Job Prospects... At a glance
New software developer graduates are in high demand. There is a shortage of software developers in New Zealand, and continuing growth in job vacancies.
The number of developers has grown steadily over recent years, but demand is expected to continue increasing in the fast-developing ICT industry.
Software developers write, test, develop and maintain computer software.
Software developers require a strong understanding of the underlying concepts and principles of software development, and some experience with development environments and languages. This knowledge can be gained through informal practical experience, but programmers usually have one or both of the following:
Oracle certification: education.oracle.com/pls/web_prod-plq-dad/db_pages.getpage?page_id=39
Microsoft certification: https://www.microsoft.com/en-us/learning/default.aspx
|Bachelor's Degree in Computer Science|
|$20,000 over three years|
Average costs in 2015 for a domestic student. Costs vary between institutions. Further costs include materials, textbooks, and accommodation.
Rents vary from place to place. Estimated market rents by region, city and suburb are available on the MBIE Tenancy Services website.
The StudyLink website provides general budget advice for students, and the Sorted website provides help with detailed budget planning.
Software developers gain many skills on the job and attend a wide range of courses to update their knowledge and techniques. Most tertiary institutions in New Zealand provide training in computer science, information systems, ICT and other related fields.
The Institute of IT Professionals (IITP) is the ICT sector’s professional body. It works to improve education and professional standards in the ICT industry in New Zealand and around the world. Although there are many ICT-related organisations and groups in New Zealand, IITP is the only professional body. It also accredits IT Professionals in New Zealand via two professional certifications. – CITPNZ and CTech.
It is expected that software developers who hold professional accreditation will have a significant advantage in the job market; they will command a higher level of pay than those without professional accreditation.
Further information on certification can be found in the IITP website.
IITP certification: https://itp.nz/Members/Certification
The number of students completing computer science or information systems degrees grew from 1265 in 2009 to 2,150 in 2015. This is not expected to be enough to meet demand.
Qualification completions chart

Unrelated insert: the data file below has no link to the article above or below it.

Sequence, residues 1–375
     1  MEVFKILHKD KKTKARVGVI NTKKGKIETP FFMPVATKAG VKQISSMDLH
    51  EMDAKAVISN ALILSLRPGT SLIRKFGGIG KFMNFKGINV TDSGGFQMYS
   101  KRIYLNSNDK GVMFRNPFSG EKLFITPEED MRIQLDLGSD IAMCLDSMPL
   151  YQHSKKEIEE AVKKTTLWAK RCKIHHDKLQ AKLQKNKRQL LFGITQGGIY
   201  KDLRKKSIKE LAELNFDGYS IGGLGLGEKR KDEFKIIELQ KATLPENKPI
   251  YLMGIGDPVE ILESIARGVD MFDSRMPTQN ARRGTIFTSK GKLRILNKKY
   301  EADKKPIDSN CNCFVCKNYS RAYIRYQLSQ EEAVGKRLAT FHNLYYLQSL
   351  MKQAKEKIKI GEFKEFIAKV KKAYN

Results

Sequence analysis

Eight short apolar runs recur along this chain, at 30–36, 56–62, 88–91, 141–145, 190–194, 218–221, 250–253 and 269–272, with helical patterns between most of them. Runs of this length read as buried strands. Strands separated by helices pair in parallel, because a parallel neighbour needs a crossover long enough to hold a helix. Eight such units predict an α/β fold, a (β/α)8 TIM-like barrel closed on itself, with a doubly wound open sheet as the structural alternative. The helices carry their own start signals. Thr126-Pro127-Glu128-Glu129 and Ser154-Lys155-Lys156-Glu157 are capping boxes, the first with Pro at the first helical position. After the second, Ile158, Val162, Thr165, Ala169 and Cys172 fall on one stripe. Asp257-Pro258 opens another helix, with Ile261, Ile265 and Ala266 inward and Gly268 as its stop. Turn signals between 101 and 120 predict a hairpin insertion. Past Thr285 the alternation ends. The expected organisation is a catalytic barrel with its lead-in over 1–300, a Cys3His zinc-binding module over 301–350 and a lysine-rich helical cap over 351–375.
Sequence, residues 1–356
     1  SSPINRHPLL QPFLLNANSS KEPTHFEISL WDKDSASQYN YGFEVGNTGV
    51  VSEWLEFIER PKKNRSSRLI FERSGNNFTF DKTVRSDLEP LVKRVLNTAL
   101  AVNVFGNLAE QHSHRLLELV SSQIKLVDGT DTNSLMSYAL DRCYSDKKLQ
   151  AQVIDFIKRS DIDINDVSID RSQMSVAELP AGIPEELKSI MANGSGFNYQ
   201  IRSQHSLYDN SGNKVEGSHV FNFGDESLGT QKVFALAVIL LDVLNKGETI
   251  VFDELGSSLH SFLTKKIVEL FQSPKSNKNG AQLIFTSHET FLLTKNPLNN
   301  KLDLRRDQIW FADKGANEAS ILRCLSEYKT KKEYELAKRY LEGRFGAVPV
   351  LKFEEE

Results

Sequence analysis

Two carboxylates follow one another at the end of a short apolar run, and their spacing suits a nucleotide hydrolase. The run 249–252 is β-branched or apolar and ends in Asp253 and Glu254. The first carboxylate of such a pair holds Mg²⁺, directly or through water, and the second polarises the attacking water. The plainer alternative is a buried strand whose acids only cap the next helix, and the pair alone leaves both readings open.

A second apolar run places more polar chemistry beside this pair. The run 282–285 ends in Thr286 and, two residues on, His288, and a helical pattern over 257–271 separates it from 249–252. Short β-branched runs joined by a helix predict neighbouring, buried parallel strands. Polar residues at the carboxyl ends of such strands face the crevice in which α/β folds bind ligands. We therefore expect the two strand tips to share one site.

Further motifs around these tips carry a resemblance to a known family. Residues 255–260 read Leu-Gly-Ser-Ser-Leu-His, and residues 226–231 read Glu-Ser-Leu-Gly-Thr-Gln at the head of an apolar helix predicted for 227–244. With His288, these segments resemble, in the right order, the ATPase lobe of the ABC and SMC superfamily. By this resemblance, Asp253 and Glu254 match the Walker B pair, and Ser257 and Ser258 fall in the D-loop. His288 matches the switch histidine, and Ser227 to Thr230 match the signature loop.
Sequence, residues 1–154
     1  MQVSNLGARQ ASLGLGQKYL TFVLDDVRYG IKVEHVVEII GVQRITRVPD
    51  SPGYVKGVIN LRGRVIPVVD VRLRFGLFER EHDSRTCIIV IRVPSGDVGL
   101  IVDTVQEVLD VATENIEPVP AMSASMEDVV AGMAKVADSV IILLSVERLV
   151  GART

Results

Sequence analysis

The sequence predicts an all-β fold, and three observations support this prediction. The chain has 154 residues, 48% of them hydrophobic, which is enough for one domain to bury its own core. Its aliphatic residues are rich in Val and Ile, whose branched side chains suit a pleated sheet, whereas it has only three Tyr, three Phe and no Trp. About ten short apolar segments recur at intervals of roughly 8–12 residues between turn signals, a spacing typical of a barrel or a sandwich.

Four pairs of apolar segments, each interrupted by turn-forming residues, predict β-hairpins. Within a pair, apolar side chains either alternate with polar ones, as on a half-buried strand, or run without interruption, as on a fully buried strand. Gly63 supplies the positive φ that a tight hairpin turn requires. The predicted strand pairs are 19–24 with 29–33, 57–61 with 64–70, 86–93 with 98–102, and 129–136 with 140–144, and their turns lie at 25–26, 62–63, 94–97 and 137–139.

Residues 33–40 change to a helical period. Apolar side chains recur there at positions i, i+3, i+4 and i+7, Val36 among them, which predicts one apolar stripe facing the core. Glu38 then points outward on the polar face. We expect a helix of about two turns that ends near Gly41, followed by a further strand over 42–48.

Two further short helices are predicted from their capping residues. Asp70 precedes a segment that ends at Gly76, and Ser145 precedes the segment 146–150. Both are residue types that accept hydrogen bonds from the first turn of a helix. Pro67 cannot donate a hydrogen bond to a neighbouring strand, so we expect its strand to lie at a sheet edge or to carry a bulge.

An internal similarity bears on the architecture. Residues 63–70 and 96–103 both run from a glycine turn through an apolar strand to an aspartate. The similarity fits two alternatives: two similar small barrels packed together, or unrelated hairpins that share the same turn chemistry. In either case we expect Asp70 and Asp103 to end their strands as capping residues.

Source: Ministry of Education
In 2016, the average income for software developers was $61,000. Average income varies widely – depending on their responsibilities, experience, the type of programming work they do, and geographic location.
|Estimated Average Income|
Source: MBIE estimates based on Statistics NZ Census and Labour Cost Index
Software developers’ employment
Source: Statistics NZ Census and MBIE projections. Percentages are compound annual growth rates.
*Growth projections are for the broader category “Business and Systems Analysts, and Programmers”
There has been a strong growth in the number of software developers employed in recent years, resulting in almost a doubling of employment from 2006 to 2013. There is also strong projected employment growth of around 5.2% per year from 2013-20 and 4.2% per year out to 2025.
Source: Statistics NZ Census and MBIE projections
|Overseas||In further study||Receiving a benefit||In employment||Median Salary|
Source: Ministry of Education
*Two years after completion of Bachelor Degree - Computer Science.
‘Overseas’ refers to the percentage of ALL graduates completing this qualification. Other indicators refer only to graduates living in New Zealand.
Most graduates were in employment two years after completing a bachelor’s degree in computer science. Relatively few were in further study. Some were overseas, while very few were receiving a benefit. The median salary was around $48,200 at that point.
A number of specific occupations for software developers appear on Immigration New Zealand’s long-term skill shortage list, including:
The long-term skill shortage list always applies for all regions. If a job is on the list, it means the government is actively encouraging skilled people in these jobs from overseas to work in New Zealand. It also means that domestic graduates have very good job prospects. A full list is available on the Immigration New Zealand website.
Immigration NZ, skill shortage list: skillshortages.immigration.govt.nz
The number of online job vacancies for software applications programmers has been stable since 2011, while the number for all occupations has increased. Considering that employment is growing fast, this could mean that this industry often recruits through other channels.
Jobs advertised chart
Source: Ministry of Business, Innovation & Employment
Vacancies for software developers are advertised through public media such as the Trade Me Jobs and Seek and, increasingly, through social media like LinkedIn.
Once a software developer has learnt the required fundamental skills, they may progress to become senior programmers, software architects, or chief information officers.
The following occupations are related roles or alternative titles. Some of the roles may require a higher level of skill than entry-level software developers.
More information on software developers is available on the Careers New Zealand website.
Careers New Zealand: www.careers.govt.nz
The Australian New Zealand Standard Classification of Occupations (ANZSCO) is the official classification of occupations in New Zealand.
The occupation of software developers has been coded to the following ANZSCO codes for the purpose of this report:
261211 – Multimedia Specialist
261212 – Web Developer
2613 – Software and Applications Programmers
263213 – ICT Systems Test Engineer